Free To Be... You And Me from Marlo Thomas & Friends

Free to Be…You and Me: A one-of-a-kind, star-studded message to kids (1973)

Take my hand, come with me, where the children are free…

Free To Be You And Me album front cover

Children’s lib album toddles to popularity

By Marilyn Goldstein, Newsday

In between Elton John wailing “Crocodile Rock” and a 30-second spot selling, “Come and get em now, now, now. Used cars in creampuff condition,” the voice of Rosey Grier breaks out over the airways.

The brawny former New York Giants star defensive lineman sings gently… about how okay it is for boys to cry.

Other times, there are the voices of Marlo Thomas and Mel Brooks. She plays a newborn baby. He plays a newborn baby. They’re both trying to figure out who’s the boy and who’s the girl. Brooks decides he must be the girl, because Miss Thomas wants to be a fireman when she grows up, while Brooks wants to be a cocktail waitress.

When the nurse comes along to change the diapers, they discover baby Brooks was wrong after all.

Or it may be that distinctive Carol Channing timbre, warning that housework is no fun for anyone and therefore should be shared by Mommy and Daddy, and telling the ugly truth that the only ones who smile when doing housework are the women on TV commercials — who are getting paid to smile.

These unusual numbers, which disc jockeys are beginning to air, are cuts from what is probably the first children’s liberation record album. The album, called “Free To Be… You And Me,” released eight weeks ago by Bell Records, has sold more than 60,000 copies, according to Gloria Sondheim of Bell.

She considers the acceptance outstanding for so unusual an album, though it’s no David Cassidy smash.

Free To Be You And Me - Marlo Thomas and kids

The brainchild of Marlo Thomas

The songs, stories and poems present what the people involved with the record like to call “a humanistic approach to what it’s like to be a boy or girl.”

The central force behind “Free To Be… You And Me” is actress Marlo Thomas.

MORE: Marlo Thomas shines in TV’s ‘That Girl’ (1967)

Depending on who is telling the story, Miss Thomas decided to make the album (1) after reading a bedtime story to her niece which began: Boys invent things and girls use the things boys invent, or (2) after being asked to record an ordinary children’s album just after having read a consciousness-raising piece by Letty Pogrebin in Ms magazine about sexism in children’s stories.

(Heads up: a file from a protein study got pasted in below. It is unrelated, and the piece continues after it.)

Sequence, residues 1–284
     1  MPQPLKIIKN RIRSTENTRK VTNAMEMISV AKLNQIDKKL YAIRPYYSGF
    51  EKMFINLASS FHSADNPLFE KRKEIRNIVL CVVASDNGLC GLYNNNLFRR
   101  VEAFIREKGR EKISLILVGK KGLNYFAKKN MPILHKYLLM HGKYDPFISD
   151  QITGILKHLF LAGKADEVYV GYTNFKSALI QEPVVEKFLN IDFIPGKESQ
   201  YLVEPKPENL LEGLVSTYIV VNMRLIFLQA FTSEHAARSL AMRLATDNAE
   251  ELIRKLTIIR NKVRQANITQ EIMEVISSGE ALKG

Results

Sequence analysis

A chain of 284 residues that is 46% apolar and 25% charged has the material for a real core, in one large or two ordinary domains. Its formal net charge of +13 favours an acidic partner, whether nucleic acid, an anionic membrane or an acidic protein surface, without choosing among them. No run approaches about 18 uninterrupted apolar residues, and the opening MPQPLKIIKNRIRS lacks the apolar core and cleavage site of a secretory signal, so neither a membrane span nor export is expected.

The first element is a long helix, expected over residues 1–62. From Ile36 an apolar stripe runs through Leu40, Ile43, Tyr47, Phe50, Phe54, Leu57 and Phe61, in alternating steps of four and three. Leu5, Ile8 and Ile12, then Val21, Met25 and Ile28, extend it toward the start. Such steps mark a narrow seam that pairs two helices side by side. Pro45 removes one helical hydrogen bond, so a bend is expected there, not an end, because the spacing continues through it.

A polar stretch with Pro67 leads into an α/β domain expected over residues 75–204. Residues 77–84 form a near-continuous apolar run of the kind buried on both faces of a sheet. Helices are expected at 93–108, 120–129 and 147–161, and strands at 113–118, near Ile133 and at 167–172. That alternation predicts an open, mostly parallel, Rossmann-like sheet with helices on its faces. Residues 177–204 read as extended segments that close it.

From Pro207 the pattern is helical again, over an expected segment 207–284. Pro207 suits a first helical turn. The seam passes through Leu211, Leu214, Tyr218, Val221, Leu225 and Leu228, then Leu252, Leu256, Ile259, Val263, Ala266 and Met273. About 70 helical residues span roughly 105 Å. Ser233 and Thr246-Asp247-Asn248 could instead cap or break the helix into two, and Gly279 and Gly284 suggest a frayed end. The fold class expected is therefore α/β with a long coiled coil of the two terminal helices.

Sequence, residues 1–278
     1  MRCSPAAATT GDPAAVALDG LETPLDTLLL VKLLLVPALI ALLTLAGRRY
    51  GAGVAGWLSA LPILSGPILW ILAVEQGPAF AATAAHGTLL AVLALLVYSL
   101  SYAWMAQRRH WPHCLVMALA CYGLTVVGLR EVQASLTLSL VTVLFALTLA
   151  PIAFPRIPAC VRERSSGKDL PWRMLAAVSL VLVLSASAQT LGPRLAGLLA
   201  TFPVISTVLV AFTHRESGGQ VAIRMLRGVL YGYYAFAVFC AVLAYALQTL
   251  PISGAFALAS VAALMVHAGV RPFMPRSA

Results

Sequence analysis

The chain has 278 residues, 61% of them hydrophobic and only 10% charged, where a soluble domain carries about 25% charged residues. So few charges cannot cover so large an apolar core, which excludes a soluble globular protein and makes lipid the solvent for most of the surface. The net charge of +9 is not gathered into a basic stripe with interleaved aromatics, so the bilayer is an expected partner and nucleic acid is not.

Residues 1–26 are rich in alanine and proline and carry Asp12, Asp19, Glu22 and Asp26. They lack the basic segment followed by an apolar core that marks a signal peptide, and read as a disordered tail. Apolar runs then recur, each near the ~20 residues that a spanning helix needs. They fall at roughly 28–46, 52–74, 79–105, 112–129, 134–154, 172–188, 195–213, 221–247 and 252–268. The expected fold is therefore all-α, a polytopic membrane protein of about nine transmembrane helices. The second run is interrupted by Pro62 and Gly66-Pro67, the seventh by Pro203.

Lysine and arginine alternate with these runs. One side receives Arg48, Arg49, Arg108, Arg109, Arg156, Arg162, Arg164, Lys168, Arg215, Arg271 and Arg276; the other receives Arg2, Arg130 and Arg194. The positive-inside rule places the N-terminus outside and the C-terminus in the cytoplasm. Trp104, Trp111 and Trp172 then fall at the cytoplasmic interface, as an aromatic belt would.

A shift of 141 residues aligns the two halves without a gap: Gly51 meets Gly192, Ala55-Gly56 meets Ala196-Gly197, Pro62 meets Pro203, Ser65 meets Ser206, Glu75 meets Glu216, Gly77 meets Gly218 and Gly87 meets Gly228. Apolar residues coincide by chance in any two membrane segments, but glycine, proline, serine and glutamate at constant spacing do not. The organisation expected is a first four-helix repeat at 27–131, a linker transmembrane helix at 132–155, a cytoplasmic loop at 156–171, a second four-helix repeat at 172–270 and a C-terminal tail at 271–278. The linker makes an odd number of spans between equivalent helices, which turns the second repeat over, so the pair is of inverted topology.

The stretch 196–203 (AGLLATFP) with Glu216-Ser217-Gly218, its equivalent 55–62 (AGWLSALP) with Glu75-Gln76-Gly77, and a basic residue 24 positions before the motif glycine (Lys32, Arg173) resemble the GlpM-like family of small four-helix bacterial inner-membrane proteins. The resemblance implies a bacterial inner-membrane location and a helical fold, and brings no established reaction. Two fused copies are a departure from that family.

Whatever the impetus, Miss Thomas contacted Pogrebin and Ms magazine with the idea of cutting a record of non-sexist stories for children and their parents. The women found producer Carol Hart, who agreed to work with them, and the three started searching for material to do and for entertainers to perform it.

With Miss Thomas spearheading the group, the fount of talent seemed endless because, as Pogrebin put it, “Marlo, of course, knows the whole world.”

Those corralled to write the material include Mary Rodgers, Sheldon Harnick, Dan Greenburg, Carl Reiner and Shel Silverstein.

The performers include — along with Grier, Brooks, Miss Channing and Miss Thomas — Harry Belafonte, Alan Alda, Robert Morse, Diana Ross, Diana Sands, Jack Cassidy and Shirley Jones, Billy De Wolf, Tom Smothers and Dick Cavett.

It’s rather heady company for anyone who has been involved in the women’s movement and is aware that hardly any big name — except for a Jane Fonda or Shelley Winters — has been willing to publicly associate with their cause.

Free To Be You And Me 1972

Focusing on four points of view

Miss Thomas sees the album as stressing four points of view:

She said, “It talks about males and females not playing roles (as in the Grier song which encourages little boys to cry) and in a revised myth (in which the princess and her boy friend decide in this version — to travel and study before considering the possibility of marrying and living happily ever after); about males and females being friends (as in Morse’s retelling of a Dudley Pippin story in which he founds a non-friend club for boys and girls who have no friends); the celebration of self and that what I am is important (expressed in the title song, by the New Seekers), and the importance of parent example.